Place, race, and the law intersect powerfully in the passage of early 20th century zoning ordinances requiring “the use of separate blocks, for residences, places of abode, and places of assembly by white and colored people respectively” State v. Gurry, 121 Md. 534 (1913). Baltimore enacted a comprehensive racial zoning ordinance in 1910 and cities throughout the South quickly followed, adopting similar or identical laws. One consequence of these segregation ordinances was a profound shift in judicial conceptions of property rights and regulations. The first three state courts that considered these racial zoning ordinances invalidated them as trammeling unconstitutionally upon property rights. The next three state courts to consider these laws, however, upheld them as a reasonable response to congested municipal conditions. What can explain why state courts responded so differently to these identical laws? These state court decisions, I find, are differentiated by a shift from a theory of property as a natural right to an analysis of property through a utilitarian calculus. This shift facilitated important equitable restrictions on property rights. The utilitarian emphasis on the greatest good for the greatest number, without consideration for who benefits and who sacrifices, however, also enabled these early municipal segregation ordinances.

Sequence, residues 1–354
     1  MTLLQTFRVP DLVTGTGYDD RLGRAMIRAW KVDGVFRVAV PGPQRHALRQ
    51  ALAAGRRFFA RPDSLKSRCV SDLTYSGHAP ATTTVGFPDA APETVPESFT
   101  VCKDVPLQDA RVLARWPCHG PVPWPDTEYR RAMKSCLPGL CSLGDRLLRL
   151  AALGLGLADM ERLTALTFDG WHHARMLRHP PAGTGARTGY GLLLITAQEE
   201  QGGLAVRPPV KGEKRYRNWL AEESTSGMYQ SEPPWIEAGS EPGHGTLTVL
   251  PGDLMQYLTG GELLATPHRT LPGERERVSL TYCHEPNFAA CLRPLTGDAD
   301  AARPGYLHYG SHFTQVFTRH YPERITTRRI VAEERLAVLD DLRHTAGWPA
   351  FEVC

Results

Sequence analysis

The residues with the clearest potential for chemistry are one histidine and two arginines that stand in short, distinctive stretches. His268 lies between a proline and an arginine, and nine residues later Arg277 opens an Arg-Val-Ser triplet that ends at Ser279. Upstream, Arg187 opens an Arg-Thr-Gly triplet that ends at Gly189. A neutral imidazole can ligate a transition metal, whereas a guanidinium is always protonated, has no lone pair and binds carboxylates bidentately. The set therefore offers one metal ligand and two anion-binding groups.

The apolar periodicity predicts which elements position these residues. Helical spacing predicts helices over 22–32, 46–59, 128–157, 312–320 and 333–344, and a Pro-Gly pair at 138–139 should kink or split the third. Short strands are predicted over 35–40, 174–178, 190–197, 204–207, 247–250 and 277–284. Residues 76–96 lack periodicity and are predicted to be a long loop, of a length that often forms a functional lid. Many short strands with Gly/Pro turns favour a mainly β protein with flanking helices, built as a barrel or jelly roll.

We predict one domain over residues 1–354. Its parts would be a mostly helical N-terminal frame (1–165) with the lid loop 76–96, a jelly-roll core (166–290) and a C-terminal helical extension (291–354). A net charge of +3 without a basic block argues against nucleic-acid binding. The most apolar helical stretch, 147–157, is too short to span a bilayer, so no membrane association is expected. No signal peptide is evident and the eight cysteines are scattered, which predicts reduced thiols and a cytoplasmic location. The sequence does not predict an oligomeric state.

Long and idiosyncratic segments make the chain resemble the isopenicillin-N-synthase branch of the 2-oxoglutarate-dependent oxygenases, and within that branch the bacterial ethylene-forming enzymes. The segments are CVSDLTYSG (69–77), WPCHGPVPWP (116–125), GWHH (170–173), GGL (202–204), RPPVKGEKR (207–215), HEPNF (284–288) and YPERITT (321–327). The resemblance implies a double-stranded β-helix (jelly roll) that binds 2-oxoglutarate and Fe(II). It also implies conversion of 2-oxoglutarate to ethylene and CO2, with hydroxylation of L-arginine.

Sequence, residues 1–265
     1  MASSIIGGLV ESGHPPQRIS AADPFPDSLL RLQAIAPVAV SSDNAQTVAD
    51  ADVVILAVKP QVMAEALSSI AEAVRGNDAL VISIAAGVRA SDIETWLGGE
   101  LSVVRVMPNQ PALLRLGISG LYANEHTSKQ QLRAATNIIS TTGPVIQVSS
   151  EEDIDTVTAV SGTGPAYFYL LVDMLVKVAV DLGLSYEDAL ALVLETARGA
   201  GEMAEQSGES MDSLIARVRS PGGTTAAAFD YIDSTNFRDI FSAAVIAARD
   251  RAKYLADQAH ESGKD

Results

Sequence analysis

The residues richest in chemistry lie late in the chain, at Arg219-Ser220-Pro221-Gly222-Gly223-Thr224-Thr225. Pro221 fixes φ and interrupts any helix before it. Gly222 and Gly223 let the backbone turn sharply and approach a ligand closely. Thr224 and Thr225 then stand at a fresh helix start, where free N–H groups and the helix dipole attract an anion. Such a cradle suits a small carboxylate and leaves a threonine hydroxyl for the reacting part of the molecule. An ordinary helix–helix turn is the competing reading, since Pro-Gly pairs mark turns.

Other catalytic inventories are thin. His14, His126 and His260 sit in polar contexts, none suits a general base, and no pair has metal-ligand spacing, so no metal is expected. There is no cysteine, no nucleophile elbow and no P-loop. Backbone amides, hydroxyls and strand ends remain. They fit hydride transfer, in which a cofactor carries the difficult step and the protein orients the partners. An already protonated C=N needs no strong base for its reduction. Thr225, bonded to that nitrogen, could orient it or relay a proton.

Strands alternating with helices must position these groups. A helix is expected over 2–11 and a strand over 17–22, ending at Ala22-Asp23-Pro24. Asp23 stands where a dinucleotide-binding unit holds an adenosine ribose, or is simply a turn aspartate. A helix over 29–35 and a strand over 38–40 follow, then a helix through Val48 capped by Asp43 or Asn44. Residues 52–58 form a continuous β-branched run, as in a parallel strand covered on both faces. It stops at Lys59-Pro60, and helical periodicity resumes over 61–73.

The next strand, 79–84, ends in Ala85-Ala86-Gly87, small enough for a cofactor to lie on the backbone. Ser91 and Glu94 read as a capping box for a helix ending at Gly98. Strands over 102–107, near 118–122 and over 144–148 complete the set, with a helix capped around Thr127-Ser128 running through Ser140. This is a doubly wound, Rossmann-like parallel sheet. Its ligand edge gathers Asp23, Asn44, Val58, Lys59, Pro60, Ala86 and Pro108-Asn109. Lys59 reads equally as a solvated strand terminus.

Justin Steil is an Associate Professor of Law and Urban Planning at the Massachusetts Institute of Technology. His research examines legal and spatial dimensions of socio-economic inequality and strategies for advancing racial justice.
He is the co-editor of Furthering Fair Housing: Prospects for Racial Justice in America’s Neighborhoods (Temple University Press, forthcoming 2021), The Dream Revisited: Contemporary Debates about Housing, Segregation, and Opportunity (Columbia University Press, 2019) and Searching for the Just City: Debates in Urban Theory and Practice (Routledge, 2009). His research has been published in the American Journal of Sociology, Politics and Society, Urban Studies, the Annals of the American Academy of Political and Social Science, the Annals of the American Association of Geographers, and the Journal of the American Planning Association, among other journals.
Steil received a B.A. African-American Studies from Harvard University, an M.Sc. in City Design from the London School of Economics, and a Ph.D. in Urban Planning and a J.D. from Columbia University. He previously worked as advocacy director for a non-profit fighting predatory lending, planner for an environmental justice organization, program manager for a project bringing youth and prisoners into critical dialogues about justice, and trainer with a domestic violence crisis center instructing Ciudad Juárez police in the support of survivors of sexual assault.
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